Common Postpartum Running Mistakes
Here are some common mistakes when it comes to running form (and how to fix them):
· Don’t: Run with a flat-footed heel strike. This forces the pelvic floor to absorb a very hard shock, which can ultimately weaken the pelvic floor muscles.
· Do: Land on the ball of your foot. Aim for a gliding, soft landing motion.
· Don’t: Run upright without using your glutes. Your chest puffs out, and ribs flare. This can also lead to leaking/incontinence, overusing your thighs and underusing your hamstrings, etc.
· Do: Check your posture, especially if you leak while running. Lean forward slightly to drive with your glutes and activate your pelvic floor.
· Don’t: ONLY run. Running is done on the sagittal plane, aka a forward and backward motion. Without incorporating different forms of exercise, such as strength and stretching you’ll likely end up with imbalances, poor thoracic rotation, or other injuries. Poor thoracic mobility can affect the shoulder, neck, low back, and hip.
· Do: Add in strength training. Specifically, work on lateral, or side to side, movements. My SLAM program incorporates tons of movements and exercises using all planes of motion.
One of the best ways to improve running posture postpartum, and to teach glute activation, is to run uphill. Practice running up a hill and then walking back down. This will help activate the front of your pelvic floor and cue glute activation, which will result in a healthier pelvic floor.
Can You Run with Diastasis Recti?
The good news is there is no evidence that you can’t, or that it’s bad to run with diastasis recti. Experts do agree that running prior to 12 weeks postpartum may exacerbate symptoms, since your body is still very much healing. But once you’ve reached 12 weeks, you can begin running if your diastasis is functional.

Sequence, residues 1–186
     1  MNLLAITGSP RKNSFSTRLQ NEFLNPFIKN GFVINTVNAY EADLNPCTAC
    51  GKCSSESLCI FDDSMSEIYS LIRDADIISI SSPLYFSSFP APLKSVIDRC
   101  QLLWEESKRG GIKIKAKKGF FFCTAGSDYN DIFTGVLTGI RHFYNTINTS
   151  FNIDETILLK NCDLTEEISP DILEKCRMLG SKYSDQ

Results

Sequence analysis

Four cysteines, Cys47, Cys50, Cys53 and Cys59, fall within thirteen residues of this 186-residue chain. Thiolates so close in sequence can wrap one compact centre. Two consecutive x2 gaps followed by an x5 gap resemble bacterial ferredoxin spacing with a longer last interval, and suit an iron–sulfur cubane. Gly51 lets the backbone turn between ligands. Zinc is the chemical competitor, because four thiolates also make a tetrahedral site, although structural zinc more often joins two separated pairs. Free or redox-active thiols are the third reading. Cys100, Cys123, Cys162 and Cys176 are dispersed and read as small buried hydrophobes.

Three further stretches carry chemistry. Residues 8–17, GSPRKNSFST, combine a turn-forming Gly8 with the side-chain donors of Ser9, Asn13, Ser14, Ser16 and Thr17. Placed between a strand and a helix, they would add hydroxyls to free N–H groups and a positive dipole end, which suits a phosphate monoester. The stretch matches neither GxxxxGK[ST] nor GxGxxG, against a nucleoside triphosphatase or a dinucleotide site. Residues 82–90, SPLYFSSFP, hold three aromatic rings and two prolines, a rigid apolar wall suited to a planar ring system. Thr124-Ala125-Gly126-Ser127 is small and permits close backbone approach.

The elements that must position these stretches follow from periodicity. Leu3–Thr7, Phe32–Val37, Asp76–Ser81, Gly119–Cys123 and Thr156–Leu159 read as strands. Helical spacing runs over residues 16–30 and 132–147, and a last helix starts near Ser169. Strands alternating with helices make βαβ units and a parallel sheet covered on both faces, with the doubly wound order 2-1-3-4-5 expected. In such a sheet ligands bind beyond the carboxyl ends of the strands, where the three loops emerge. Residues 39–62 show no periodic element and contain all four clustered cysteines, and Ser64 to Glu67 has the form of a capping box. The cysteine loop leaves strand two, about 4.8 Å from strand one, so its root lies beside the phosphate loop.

A functional diastasis recti means that while there is still an abdominal muscle separation, you have strategies to control intra-abdominal pressure and can transfer the load across the abdominal wall without doming or sinking of the midline (linea alba).
Can You Run with Prolapse?
It depends on the severity of your prolapse after childbirth. If your doctor of pelvic floor physical therapist diagnosed you with a grade 3 or 4 prolapse, you will want to avoid running or jumping for now.
If you have a milder case, it is okay to run with a few considerations.
You’ll want to ensure that your running form is good. Think about leaning forward slightly and driving with your glutes.
Be sure you’ve done the prep work mentioned above. You need to be sure you have strong hips and calves, and good balance.
Lastly, use a pessary if needed. A pessary can add internal support, helping reduce prolapse symptoms when running.
Can You Run with Incontinence?
If you are dealing with incontinence while running, it can be because your pelvic floor is weak or too tight. Either way, it is a sign your body isn’t managing core pressure while running well. Improved posture, enhanced glute strength, as well as some pelvic floor release work can improve incontinence while running.
Need Help Returning to Running Postpartum?
The Strong Like A Mother (SLAM) program helps you build total body strength, while healing your core and pelvic floor. You don’t have to settle for postpartum side-effects. Let’s get you back to running and more!